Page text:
11 164 D. Bernstein et al. Crit Rev Toxicol, 2013; 43(2): critical in determining possible effects associated with each type of fiber. Of equal importance is the number of fibers in the exposure atmosphere with length greater than approximately 20 mm, that is, those fibers which are not readily phagocytized and removed from the lung by macrophages and which therefore have greatest potential in producing disease if they do not readily break apart or dissolve in the lung fluids. An additional issue which is often not well addressed is that of possible exposures to asbestos either prior to employment or concurrent to employment in the industry under study and consequently the fiber types to which the individuals were exposed. Evaluation of epidemiology studies considered in earlier evaluations Hodgson & Darnton (2000) reviewed asbestos exposed cohorts which gave information on exposure levels from which (as a minimum) a cohort average cumulative exposure could be estimated. In another review, Berman & Crump (2008) also assessed the health risks associated with asbestos exposure also using the cohorts in which they determined that there was sufficient information to estimate exposure. In both of these evaluations, the authors classified the cohorts by asbestos fiber type based on what was reported in the cited publications. That is whether they considered the cohort exposed to chrysotile alone, a mixture of chrysotile with amphibole asbestos, or to amphibole asbestos alone. These assessments were made from the then currently available literature and presented potential biases based upon the published data. These studies are reviewed here in light of current data and the information learned from the toxicology studies on the importance of fiber type and fiber length in producing a pathological response in the lung and the pleural cavity. Studies characterized as predominately chrysotile exposure It is interesting to note that the authors of very few of the epidemiology studies on asbestos were able to state that there was no amphibole exposure present in the cohort. Hodgson & Darnton (2000) considered the following studies which were characterized as predominately chrysotile exposure (Table 2) and stated that very small quantities of amphibole fiber were ignored as being important to the findings in some cohorts (South Carolina, New Orleans plant 2, CT). Similarly, Berman & Crump (2008) considered the same cohorts as being exposed to chrysotile and considered other Table 2. Epidemiological studies characterized as predominately chrysotile exposure by Hodgson & Darnton (2000). Study Referred to as: Dement et al. (1994) and South Carolina McDonald et al. (1983) Piolatto et al. (1990) Balangero Italian mine and mill Liddell et al. (1997) Quebec Hughes et al. (1987) New Orleans (plant 2, y) McDonald et al. (1984) Connecticut possible exposure either within the plant in question, or before or concurrent to employment as not important. At the time the exposures took place, in none of these cohorts were the type of fibers to which workers were exposed actually determined from air samples, and in none of these studies were the fiber length distributions of the fibers determined in the workplace. While some investigators have attempted to recreate the work environment, experience with fiber aerosol generation in animal toxicology studies strongly indicates that accurately recreating all the factors which influence fiber size and distribution would be very difficult. The results from Hodgson & Darnton (2000) for these studies for lung cancer and mesothelioma are presented in Table 3. Fiber lung burdens: Charleston, South Carolina, and Quebec The analysis of the types and numbers of fibers found in lung tissue of individuals exposed to asbestos provides the most robust indicator of past exposure. While in general, such analyses were not performed, in two of the above-mentioned studies, fiber lung burdens were analyzed to determine the type and quantity of fibers present in the samples analyzed. The lung burden analyses provide an indication to which fibers the workers were exposed. The samples were usually taken from lung biopsy sections or at necropsy and were often from paraffin blocks. As an example, in the Sebastien et al. (1989) study, the samples analyzed were around 1 g (personal communication, P. Sebastien). As such, only a small portion of the lung was analyzed. Sebastien et al. (1989) reported in the analysis of 161 lung tissue samples taken at necropsy from asbestos textile workers in Charleston, South Carolina and Quebec miners and millers, both exposed to chrysotile. The authors reported that while chrysotile, tremolite, amosite, crocidolite, talc-anthrophyllite and other fiber types (included rutile, micas, iron, silica and unidentified silicates) fibers were found in both cohorts tremolite predominated. Non-trivial concentrations (40.1 f/ mg) of amosite and crocidolite were measured in 32% of specimens from Charleston, SC and 9% from Thetford, VT. The analysis indicted that in Charleston, commercial amphiboles were detected only in cases hired before 1940; no crocidolite was detected in cases hired after In Thetford, concentrations greater than 0.1 f/mg were measured in five cases. Churg et al. (1984) analyzed the fiber lung content from six cases with mesothelioma derived from a series of approximately 90 autopsies of long-term workers in the Quebec chrysotile industry. These six cases represented all the mesotheliomas present in the series of 90 cases. The authors reported that the patients with mesothelioma having only chrysotile ore components had a much higher ratio of tremolite group amphiboles (9.3) than chrysotile fibers (2.8) compared to the control group. This was not true for one patient in whom amosite was found. Pooley & Mitha (1986) in reporting on the determination and interpretation of the levels of chrysotile in lung tissue included result from the South Carolina textile workers in their Table 2 which compared the calculated mean values mass per 1000 fibers of asbestos obtained from lung tissue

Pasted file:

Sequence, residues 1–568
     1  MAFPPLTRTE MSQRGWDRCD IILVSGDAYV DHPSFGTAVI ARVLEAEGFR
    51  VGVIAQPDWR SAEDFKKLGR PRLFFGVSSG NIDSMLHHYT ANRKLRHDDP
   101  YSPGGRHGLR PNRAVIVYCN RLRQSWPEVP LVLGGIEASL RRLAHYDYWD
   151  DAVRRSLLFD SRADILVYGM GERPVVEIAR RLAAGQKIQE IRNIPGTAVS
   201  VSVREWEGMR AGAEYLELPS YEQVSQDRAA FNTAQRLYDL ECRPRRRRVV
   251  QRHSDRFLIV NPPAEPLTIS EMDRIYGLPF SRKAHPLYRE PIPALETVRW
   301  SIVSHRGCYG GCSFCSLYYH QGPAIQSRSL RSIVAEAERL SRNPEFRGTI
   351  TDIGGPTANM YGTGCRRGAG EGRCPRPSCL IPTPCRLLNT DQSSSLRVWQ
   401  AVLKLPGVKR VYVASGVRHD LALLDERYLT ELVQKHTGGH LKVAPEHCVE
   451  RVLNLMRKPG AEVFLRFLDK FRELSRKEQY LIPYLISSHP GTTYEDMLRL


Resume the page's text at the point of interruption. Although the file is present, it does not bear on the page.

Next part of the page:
12 DOI: / Health risk of chrysotile revisited 165 Table 3. Studies characterized as predominately chrysotile exposure (Hodgson & Darnton, 2000). Study Exposure estimates Smoking histories Fiber specificity South Carolina: Dement et al. (1994) and McDonald et al. (1983) Balangero: Piolatto et al. (1990) Quebec: Liddell et al. (1997) MI measurements In 1968 and 1971, both impinger and PCM samples were collected (a total of 986 samples) Fiber levels were measured by PCM in In order to estimate earlier exposures, information on daily production, equipment changes, number of hours worked per day, etc. were used to create conditions at the plant during earlier years. PCM samples were obtained under these simulated conditions and combined with work histories to create individual exposure histories MI measurements Conversions between dust levels and PCM concentrations were derived from side-by-side samples Based on two surveys conducted by the U S Public Health Service in 1964 and 1971 and on data collected by the company Chrysotile textile plant. Crocidolite yarn was used in small quantities to make tape or braided packing from 1950s until 1975 No information on smoking Chrysotile mine and mill with presence of Balangeroite fiber Smoking history was obtained in 1970 by a questionnaire administered to current workers, and to proxies of those who had died after Chrysotile mine and mill at the town of Asbestos 2. Factory at the town of Asbestos that, in addition to processing chrysotile, had also processed some crocidolite 3. Chrysotile mining and milling company complex near Thetford Mines (evidence of greater amounts of tremolite in the ore at Lung cancer risk (% expected lung cancer per fiber/cm 3 year)y R L (95% CI) Mesothelioma risk (% total expected mortality per fiber/cm 3 year)y R M age adjusted 95%CI Women 6.7 (3.6, 11) Men 4.6 (2.9, 6.7) Women 0 (0.0, 0.35) Men (0.0016, 0.047) 0.03 ( 0.11, 0.24) (0.0003, 0.009) 0.06 (0.042, 0.079) (0.0006, ) (continued )